Hitler sought the capture of Lebensraum in the east to provide the critical landmass to enable the Reich to survive in a world dominated by the French and British Empires, the Soviet Union, and especially the United States, all of them manipulated by the Jews. Germany would, in sequence, establish its dominance in central Europe, destroy the Soviet Union, and then consolidate its resources to deal with the United States. Hitler originally expected that the final showdown with America and “world Jewry” would take place at some point in the remote future, probably after his death. Roosevelt’s overt opposition to Germany’s plans, signaled (in Simms’s account) by the Quarantine Speech of 1937, rendered Hitler’s original timetable obsolete. The domestic transformation of the German Reich and the consolidation of central Europe would have to be sped up in anticipation of a near-term confrontation with the United States. Hitler saw the Japanese alliance as creating a second front for the United States that would delay its decisive intervention in Europe. After Pearl Harbor, Hitler quickly declared war on America in order to forestall what he feared would be a rapid Japanese collapse if Tokyo was isolated militarily. This proved to be one of many fatal misjudgments by Hitler but it was perfectly consistent with the logic of Germany’s situation.
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This brings us to the present. Now that the great democratic-Communist conflict over the fate of Germany has been decided, does the past remain prologue? Is Germany still the pivot of European and global geopolitics? Is national security still the driver of domestic affairs? Is the United States still strategically joined to Europe, and Germany, by the hip?
At first glance, one might be startled that Simms lists “the democratic geopolitics of NATO and the European Union today” as the latest project to unify Europe, following upon “Hitler’s ‘Thousand Year’ Reich” and “the socialist Utopia espoused by the Soviet Union.” Surely the European Union, composed of democratic members, is different in kind. It should be noted, however, that the Russians do not think that the project is non-threatening (certainly not if NATO is regarded as its de facto military wing). Many Europeans resist what they regard as the soft tyranny of non-elected bureaucrats and judicial officials ruling from Brussels.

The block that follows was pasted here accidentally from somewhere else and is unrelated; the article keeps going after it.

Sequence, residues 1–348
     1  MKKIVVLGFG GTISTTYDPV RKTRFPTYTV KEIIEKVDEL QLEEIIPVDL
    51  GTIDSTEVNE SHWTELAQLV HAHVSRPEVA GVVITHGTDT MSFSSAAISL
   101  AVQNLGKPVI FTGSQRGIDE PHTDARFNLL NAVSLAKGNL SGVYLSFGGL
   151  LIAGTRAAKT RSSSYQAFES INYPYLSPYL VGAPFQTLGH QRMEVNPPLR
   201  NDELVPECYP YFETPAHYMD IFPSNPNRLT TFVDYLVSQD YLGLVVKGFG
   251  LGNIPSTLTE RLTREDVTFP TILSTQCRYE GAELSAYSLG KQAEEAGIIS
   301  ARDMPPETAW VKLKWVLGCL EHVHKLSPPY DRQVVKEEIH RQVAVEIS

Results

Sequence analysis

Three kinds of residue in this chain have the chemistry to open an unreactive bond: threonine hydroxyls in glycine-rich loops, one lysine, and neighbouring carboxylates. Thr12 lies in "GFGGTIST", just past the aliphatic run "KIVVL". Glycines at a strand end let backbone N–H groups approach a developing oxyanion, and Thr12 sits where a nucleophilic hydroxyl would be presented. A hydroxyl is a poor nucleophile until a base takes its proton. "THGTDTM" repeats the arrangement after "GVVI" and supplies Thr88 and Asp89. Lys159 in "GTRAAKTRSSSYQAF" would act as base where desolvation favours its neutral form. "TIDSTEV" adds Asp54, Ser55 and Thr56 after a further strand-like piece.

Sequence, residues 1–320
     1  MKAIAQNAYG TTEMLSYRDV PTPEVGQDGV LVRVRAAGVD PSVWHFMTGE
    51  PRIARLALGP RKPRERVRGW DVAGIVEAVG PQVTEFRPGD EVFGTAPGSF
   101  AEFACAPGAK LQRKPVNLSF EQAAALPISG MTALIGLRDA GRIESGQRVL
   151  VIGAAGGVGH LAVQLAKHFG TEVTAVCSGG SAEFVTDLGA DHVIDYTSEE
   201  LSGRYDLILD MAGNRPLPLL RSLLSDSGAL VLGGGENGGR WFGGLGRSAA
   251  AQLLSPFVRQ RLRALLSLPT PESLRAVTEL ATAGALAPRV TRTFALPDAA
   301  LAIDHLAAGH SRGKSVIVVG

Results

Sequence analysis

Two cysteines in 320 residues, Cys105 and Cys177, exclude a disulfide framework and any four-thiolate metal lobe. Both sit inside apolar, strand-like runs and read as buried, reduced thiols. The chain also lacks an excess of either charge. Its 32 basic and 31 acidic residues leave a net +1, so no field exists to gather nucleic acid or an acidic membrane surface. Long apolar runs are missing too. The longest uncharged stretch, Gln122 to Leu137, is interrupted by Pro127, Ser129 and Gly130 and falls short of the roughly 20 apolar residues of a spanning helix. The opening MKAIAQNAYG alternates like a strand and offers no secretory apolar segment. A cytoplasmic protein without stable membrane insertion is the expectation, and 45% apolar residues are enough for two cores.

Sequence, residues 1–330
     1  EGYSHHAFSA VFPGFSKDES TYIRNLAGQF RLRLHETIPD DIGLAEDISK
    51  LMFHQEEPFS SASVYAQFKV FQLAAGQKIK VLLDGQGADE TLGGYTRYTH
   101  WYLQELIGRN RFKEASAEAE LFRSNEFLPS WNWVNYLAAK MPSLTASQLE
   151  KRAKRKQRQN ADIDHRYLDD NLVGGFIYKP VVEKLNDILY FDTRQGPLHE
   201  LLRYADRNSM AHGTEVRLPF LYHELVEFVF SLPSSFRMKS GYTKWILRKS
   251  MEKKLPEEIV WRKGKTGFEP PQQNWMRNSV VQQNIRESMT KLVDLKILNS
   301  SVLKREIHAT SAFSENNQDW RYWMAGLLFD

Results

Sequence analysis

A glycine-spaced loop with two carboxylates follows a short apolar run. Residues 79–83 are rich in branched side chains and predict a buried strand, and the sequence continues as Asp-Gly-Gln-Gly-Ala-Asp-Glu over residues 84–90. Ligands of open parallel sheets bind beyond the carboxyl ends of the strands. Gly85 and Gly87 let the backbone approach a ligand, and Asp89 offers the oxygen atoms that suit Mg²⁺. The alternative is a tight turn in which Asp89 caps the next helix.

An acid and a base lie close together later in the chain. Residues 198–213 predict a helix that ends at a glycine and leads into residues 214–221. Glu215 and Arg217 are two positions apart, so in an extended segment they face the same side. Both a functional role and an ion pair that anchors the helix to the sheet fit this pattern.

Advocates of greater European integration claim otherwise, of course. Only a united Europe, they say, can exercise its just weight in international affairs—with the emphasis on “just.” The Europeanists argue that they have created a security community that precludes geopolitical rivalries within the Union and that “exports” pacific democratic values, rather than invading armies, to the rest of the world. Germany may still be the 800-pound elephant in the European room but theBundesbank is hardly the Wehrmacht.
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At the very least, however, Germany will in large part determine the fate of the European project—whether it will succeed or fail; whether it will go forward to establish a closer union or remain a confederation of nation states; whether it will be a democratic or bureaucratic regime; and whether it will be a partner with or hindrance to the United States. The United States, for its part, speaks of pivoting to Asia (“strategic rebalancing”), signaling a reduction in Europe’s (and the Middle East’s) perceived relative strategic importance. Meanwhile, most of the rest of the world, Russia included, hardly looks like it is planning to take a holiday from history. If the native population of Europe and Germany continues to fall off the demographic cliff, and its armies wither away, the old German problem may indeed disappear, to be replaced by a new one.